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Results: 11 to 13 of 13

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TNF influences chemokine expression of macrophages in vitro and that of CD11b+ cells in vivo during Mycobacterium tuberculosis infection.
Algood HM, Lin PL, Yankura D, Jones A, Chan J, Flynn JL
(2004) J Immunol 172: 6846-57
MeSH Terms: Animals, CD11b Antigen, Cells, Cultured, Chemokine CXCL10, Chemokine CXCL9, Chemokines, Chemokines, CXC, Disease Susceptibility, Female, In Situ Hybridization, Intercellular Signaling Peptides and Proteins, Lung, Macrophages, Mice, Mice, Inbred C57BL, Tuberculosis, Tumor Necrosis Factor-alpha
Show Abstract · Added September 29, 2015
Granulomas, focal accumulations of immune cells, form in the lung during Mycobacterium tuberculosis infection. Chemokines, chemotactic cytokines, are logical candidates for inducing migration of T lymphocytes and monocytes to and within the lung. TNF influences chemokine expression in some models. TNF-deficient mice infected with M. tuberculosis are highly susceptible to disease, and granuloma formation is inhibited. Through in vitro assays, we demonstrate that neutralization of TNF in M. tuberculosis-infected macrophages led to a reduction in many inflammatory chemokines, such as C-C chemokine ligand 5, CXC ligand 9 (CXCL9), and CXCL10. In TNF-deficient mice, immune cells migrated to the lungs early after infection, but did not organize to form granulomas within the lung. Although chemokine expression, as measured in whole lung tissue, was not different, the expression of chemokines in the CD11b(+) subset of cells isolated ex vivo from the lungs of TNF-deficient mice had reduced expression of C-C chemokine ligand 5, CXCL9, and CXCL10 at early time points after TNF neutralization. Local expression of CXCR3-binding chemokines within the lungs, as determined by in situ hybridization, was also affected by TNF. Therefore, TNF affects the expression of chemokines by macrophages in vitro and CD11b(+) cells in vivo, which probably influences the local chemokine gradients and granuloma formation.
0 Communities
1 Members
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17 MeSH Terms
Cell surface heparan sulfate participates in CXCL1-induced signaling.
Wang D, Sai J, Richmond A
(2003) Biochemistry 42: 1071-7
MeSH Terms: Animals, Binding, Competitive, CHO Cells, Cell Line, Cell Membrane, Cell Migration Inhibition, Chemokine CXCL1, Chemokine CXCL10, Chemokines, Chemokines, CXC, Chemotactic Factors, Chemotaxis, Cricetinae, Heparan Sulfate Proteoglycans, Heparitin Sulfate, Humans, Intercellular Signaling Peptides and Proteins, Protein Binding, Protein-Serine-Threonine Kinases, Receptors, Interleukin-8B, Signal Transduction, p21-Activated Kinases
Show Abstract · Added May 30, 2013
The CXC subfamily of chemokines plays an important role in diverse processes, including inflammation, wound healing, growth regulation, angiogenesis, and tumorigenesis. The ELR-CXC chemokine, CXCL1 or MGSA/GROalpha, is traditionally considered to attract neutrophils to sites of inflammation. The non-ELR-CXC chemokine, CXCL10 or IP-10, is chemotactic for monocytes, B cells, and activated T lymphocytes. In addition to its role in leukocyte migration, CXCL10 inhibits the angiogenic functions of the ELR-CXC chemokines as well as bFGF and VEGF. Heparan sulfate proteoglycans (HSPGs) are required for the interaction of bFGF and vEGF ligands and their receptors. However, the role of HSPGs in regulating the ELR-chemokines signaling and biological functions is poorly understood. We show here that the CXCL1 maximal binding to CXCR2 expressed on HEK293 and CHO-K1 cells is dependent on the presence of cell surface HSPGs. The cell surface HSPGs on cells are required for CXCL1-induced PAK1 activation. Moreover, CXCL10 can inhibit CXCL1-induced PAK1 and ERK activation as well as the CXCL1-induced chemotaxis through decreasing CXCL1 binding to cell surface heparan sulfate. These data indicate that HSPGs are involved in modulating CXCL1-induced PAK1 activation and chemotaxis through regulating CXCL1 binding activity to CXCR2 receptor. CXCL10 inhibits CXCL1-induced PAK1 activation and chemotaxis by interfering with appropriate binding of CXCL1 to CXCR2 receptor.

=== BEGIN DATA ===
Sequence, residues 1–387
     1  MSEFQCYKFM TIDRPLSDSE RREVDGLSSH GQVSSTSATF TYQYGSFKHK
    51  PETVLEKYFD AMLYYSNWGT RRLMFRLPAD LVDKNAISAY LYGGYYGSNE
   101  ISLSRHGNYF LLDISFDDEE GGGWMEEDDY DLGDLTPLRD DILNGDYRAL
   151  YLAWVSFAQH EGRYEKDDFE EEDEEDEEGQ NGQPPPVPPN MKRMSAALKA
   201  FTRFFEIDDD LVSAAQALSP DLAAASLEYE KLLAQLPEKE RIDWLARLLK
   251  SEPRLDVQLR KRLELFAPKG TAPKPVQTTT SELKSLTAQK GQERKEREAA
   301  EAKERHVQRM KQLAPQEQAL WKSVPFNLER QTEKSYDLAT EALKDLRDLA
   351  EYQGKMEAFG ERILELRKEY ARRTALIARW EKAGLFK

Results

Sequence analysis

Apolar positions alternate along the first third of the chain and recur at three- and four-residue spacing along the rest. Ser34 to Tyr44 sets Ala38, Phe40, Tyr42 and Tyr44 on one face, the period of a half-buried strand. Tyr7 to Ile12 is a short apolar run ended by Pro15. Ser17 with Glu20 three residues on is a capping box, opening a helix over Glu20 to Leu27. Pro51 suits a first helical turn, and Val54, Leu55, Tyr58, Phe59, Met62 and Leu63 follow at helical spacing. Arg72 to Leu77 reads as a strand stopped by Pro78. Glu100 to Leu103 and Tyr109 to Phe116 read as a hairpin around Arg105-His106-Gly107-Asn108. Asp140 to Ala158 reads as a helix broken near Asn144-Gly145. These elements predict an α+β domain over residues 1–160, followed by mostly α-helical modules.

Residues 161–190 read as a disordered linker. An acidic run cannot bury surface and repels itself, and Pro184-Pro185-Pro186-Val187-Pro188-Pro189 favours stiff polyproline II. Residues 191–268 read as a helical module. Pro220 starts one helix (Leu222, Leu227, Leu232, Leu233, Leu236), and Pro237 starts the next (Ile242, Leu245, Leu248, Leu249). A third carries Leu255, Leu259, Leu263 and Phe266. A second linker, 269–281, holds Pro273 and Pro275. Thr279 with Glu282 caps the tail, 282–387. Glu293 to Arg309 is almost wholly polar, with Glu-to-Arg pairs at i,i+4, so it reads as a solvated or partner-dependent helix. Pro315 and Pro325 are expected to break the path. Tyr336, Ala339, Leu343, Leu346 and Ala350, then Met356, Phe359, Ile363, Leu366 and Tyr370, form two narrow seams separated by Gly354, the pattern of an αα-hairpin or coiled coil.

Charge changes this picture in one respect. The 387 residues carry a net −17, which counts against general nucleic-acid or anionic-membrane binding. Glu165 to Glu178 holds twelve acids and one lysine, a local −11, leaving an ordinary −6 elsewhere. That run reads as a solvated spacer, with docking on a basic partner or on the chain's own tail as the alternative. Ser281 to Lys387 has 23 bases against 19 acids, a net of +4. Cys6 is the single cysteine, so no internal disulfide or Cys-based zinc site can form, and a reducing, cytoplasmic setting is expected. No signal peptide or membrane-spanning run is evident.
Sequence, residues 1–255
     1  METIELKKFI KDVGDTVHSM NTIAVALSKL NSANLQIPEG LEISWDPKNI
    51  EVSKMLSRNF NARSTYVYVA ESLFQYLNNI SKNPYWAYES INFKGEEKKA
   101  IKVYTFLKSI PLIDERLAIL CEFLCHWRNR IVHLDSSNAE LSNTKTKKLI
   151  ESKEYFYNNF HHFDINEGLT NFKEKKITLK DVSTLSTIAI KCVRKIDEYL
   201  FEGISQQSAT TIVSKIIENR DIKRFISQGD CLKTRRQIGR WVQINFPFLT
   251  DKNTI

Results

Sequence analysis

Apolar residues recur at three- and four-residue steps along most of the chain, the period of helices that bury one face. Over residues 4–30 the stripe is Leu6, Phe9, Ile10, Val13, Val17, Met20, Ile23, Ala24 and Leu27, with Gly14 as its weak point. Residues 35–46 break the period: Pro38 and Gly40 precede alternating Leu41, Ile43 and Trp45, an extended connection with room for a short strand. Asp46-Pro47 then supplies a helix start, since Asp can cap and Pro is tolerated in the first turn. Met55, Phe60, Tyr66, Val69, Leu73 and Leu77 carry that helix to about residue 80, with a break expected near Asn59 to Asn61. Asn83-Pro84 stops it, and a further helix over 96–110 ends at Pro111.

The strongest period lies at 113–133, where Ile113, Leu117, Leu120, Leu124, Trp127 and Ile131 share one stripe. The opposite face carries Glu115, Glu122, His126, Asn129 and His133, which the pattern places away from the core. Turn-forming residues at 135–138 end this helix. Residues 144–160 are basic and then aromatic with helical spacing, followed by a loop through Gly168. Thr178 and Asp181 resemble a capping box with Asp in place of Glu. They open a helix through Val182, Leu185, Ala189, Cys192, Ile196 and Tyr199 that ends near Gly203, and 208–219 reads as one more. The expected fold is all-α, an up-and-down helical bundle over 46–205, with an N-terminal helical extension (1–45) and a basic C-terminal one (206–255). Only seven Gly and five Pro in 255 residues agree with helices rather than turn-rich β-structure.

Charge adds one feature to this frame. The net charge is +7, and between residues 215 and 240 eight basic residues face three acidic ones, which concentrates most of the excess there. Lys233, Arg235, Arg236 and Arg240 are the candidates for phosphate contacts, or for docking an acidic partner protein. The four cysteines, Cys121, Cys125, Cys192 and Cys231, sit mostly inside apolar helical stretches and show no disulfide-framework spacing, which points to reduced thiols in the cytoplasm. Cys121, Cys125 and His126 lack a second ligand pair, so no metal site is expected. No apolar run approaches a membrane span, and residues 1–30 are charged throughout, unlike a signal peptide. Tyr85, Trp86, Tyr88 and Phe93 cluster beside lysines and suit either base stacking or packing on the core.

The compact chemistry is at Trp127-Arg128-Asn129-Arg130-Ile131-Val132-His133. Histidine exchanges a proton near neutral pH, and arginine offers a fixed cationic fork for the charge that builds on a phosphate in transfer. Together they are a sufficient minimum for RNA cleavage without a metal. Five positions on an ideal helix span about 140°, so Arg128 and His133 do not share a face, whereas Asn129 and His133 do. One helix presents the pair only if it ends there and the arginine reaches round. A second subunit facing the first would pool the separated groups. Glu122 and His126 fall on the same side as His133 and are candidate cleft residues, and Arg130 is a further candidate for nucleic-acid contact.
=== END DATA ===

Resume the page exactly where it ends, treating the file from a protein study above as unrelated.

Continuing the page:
2 Communities
1 Members
0 Resources
22 MeSH Terms
Mob-1, a Ras target gene, is overexpressed in colorectal cancer.
Zhang R, Zhang H, Zhu W, Pardee AB, Coffey RJ, Liang P
(1997) Oncogene 14: 1607-10
MeSH Terms: Alkyl and Aryl Transferases, Cell Line, Transformed, Cell Transformation, Neoplastic, Chemokine CXCL10, Chemokines, CXC, Colorectal Neoplasms, Cytokines, Down-Regulation, Enzyme Inhibitors, Farnesyltranstransferase, Gene Expression Regulation, Neoplastic, Genes, Immediate-Early, Genes, ras, Humans, Intestinal Mucosa, Transferases
Show Abstract · Added March 27, 2014
Mutations in the ras oncogenes have been linked to many different cancers. In contrast to the extensive body of knowledge related to the genetics of ras activation, relatively little is known of the transcriptional events triggered by ras. In previous work we have used differential display to identify Mob-1, a member of alpha-chemokine family, as one of the immediate transcriptional targets following Ras activation. Here, we provide additional experimental evidence to support this finding by the use of an inducible H-ras expression system, the treatment of Ras farnesyl transferase inhibitor and activation of endogenous Ras by serum growth factors. We further demonstrate that IP-10, the human homolog of Mob-1, is overexpressed in the majority of colorectal cancers.
1 Communities
1 Members
0 Resources
16 MeSH Terms